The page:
JUSTa few years ago, a zero to 60 miles an hour sprint of eight seconds and economy of 62.8 miles per gallon would have been complete cloud cuckoo land.
But car designers and engineers are being squeezed for lower and lower emissions and their success also brings vastly improved engine efficiency and aerodynamics, often along with lighter weight and greater built-in safety.
For you and me, that means lower running costs and improved performance.
Now obviously, you can't have both. If you use the performamce, the economy and emissions rocket - that's just the way of the world.
This all came to mind after a week driving the latest VW Golf 2.0-litre turbo diesel in R-Line spec driving through the superb DSG twin clutch automatic gearbox.
The figures above are for that car and it drives like a thoroughbred in every way. It also comes with the excellent quality build and finish that is part of VW's raison d'etre.
This car was powered by a 150bhp version of the 2.0-litre TDI engine common to so many cars in the VW group and what it lacks in the revs common to petrol power units, it more than makes up for in low and mid range pulling power.
This mid range grunt - just where you need it for overtaking - is fantastic and the engine remains smooth and reasonably quiet.
Add the superbly slick and very quick changing DSG automatic gearbox to the mix and the whole works seamlessly and beautifully together, bringing that great economy or performance depending on the weight of your right foot.
The Golf has always been a great handling car and this latest model is no exception. It's lighter and wider than previously and the R-Line models come with lowered suspension to improve even on the very good dynamics of the lower order cars.
Such sports suspension usually has a detrimental effect on comfort levels - especially when combined with big wheels and very low profile tyres.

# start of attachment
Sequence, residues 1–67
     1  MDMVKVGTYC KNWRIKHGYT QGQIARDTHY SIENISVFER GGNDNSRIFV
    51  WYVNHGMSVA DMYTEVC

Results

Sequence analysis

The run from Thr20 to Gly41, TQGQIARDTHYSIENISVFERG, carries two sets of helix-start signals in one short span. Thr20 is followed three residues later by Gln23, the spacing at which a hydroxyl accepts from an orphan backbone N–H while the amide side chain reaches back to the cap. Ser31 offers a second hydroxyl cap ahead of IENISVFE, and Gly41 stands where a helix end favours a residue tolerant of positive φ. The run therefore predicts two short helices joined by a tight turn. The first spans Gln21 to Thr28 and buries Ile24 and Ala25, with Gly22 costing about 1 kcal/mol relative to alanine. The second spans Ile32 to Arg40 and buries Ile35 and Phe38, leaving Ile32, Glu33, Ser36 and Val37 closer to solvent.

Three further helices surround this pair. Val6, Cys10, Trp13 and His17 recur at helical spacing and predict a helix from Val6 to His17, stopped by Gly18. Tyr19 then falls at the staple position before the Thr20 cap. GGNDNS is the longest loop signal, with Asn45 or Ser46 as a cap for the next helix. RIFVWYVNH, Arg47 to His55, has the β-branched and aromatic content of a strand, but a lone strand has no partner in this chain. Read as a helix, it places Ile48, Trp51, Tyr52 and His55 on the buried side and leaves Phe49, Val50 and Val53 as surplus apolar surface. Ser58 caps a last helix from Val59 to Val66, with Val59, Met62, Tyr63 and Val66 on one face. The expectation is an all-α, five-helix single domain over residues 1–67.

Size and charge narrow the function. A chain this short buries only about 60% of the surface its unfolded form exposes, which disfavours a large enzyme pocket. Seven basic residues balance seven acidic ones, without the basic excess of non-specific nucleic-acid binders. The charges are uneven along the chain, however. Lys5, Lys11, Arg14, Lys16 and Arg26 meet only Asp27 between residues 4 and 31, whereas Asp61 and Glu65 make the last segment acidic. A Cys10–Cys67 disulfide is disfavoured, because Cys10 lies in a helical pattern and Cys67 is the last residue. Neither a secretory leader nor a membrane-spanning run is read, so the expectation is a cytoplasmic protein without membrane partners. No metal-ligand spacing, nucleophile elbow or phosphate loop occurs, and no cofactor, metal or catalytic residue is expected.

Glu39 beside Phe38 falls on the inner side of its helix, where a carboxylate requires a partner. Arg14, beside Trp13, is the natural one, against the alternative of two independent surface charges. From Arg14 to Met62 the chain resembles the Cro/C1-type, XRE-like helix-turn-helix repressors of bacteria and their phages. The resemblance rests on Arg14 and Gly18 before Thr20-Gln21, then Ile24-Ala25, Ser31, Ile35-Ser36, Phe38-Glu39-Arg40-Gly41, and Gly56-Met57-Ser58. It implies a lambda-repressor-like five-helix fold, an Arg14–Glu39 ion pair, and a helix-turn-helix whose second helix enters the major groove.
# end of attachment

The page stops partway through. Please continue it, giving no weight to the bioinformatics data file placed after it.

But the R-Line has a trick or two up its sleeve in the form of Driving Mode Selection. This means that drivers can switch between Comfort, Normal and Sport for the suspension, and tailor the engine and gearbox response using Eco, Sport, Normal and Individual.
That's a lot of choices, and most owners will probably never move from Comfort and Normal because that's all they will ever need.
The comfort setting gives you just that - all the time over almost every surface. It simply rolls over the worst of surfaces, insulating you from them all with huge ease.
Well, it seems like huge ease, but of course, there are probably umpteen computers working together in milliseconds to get it all sorted just the way you want.
The excellent seats add to the ride and support perfectly in the corners at the same time. They also have a huge range of adjustment to suit all sizes.
This version of the Golf is larger than its predecessor, but it's still a medium hatch compared with many rivals, thanks to that near-vertical tailgate.
So cabin space and practicality are excellent, with a good sized boot and a 60/40 split fold rear seat for even more baggage room.
The cabin is a lovely place to spend time, with soft plastics all round, sat nav and infotainment screen and everything angled towards the driver.
R-Line sits above GT in the lineup and apart from items already mentioned, also includes pre crash occupant protection as part of the standard kit, together with R-Line rear spoiler, side skirts and radiator grille, bespoke air intakes, R-Line front bumpers and fog lights, R-Line rear bumper and 17-inch alloys.
Inside are stainless steel pedals and door sills, leather gear knob and gaiter and R-Line leather multifunction steering wheel.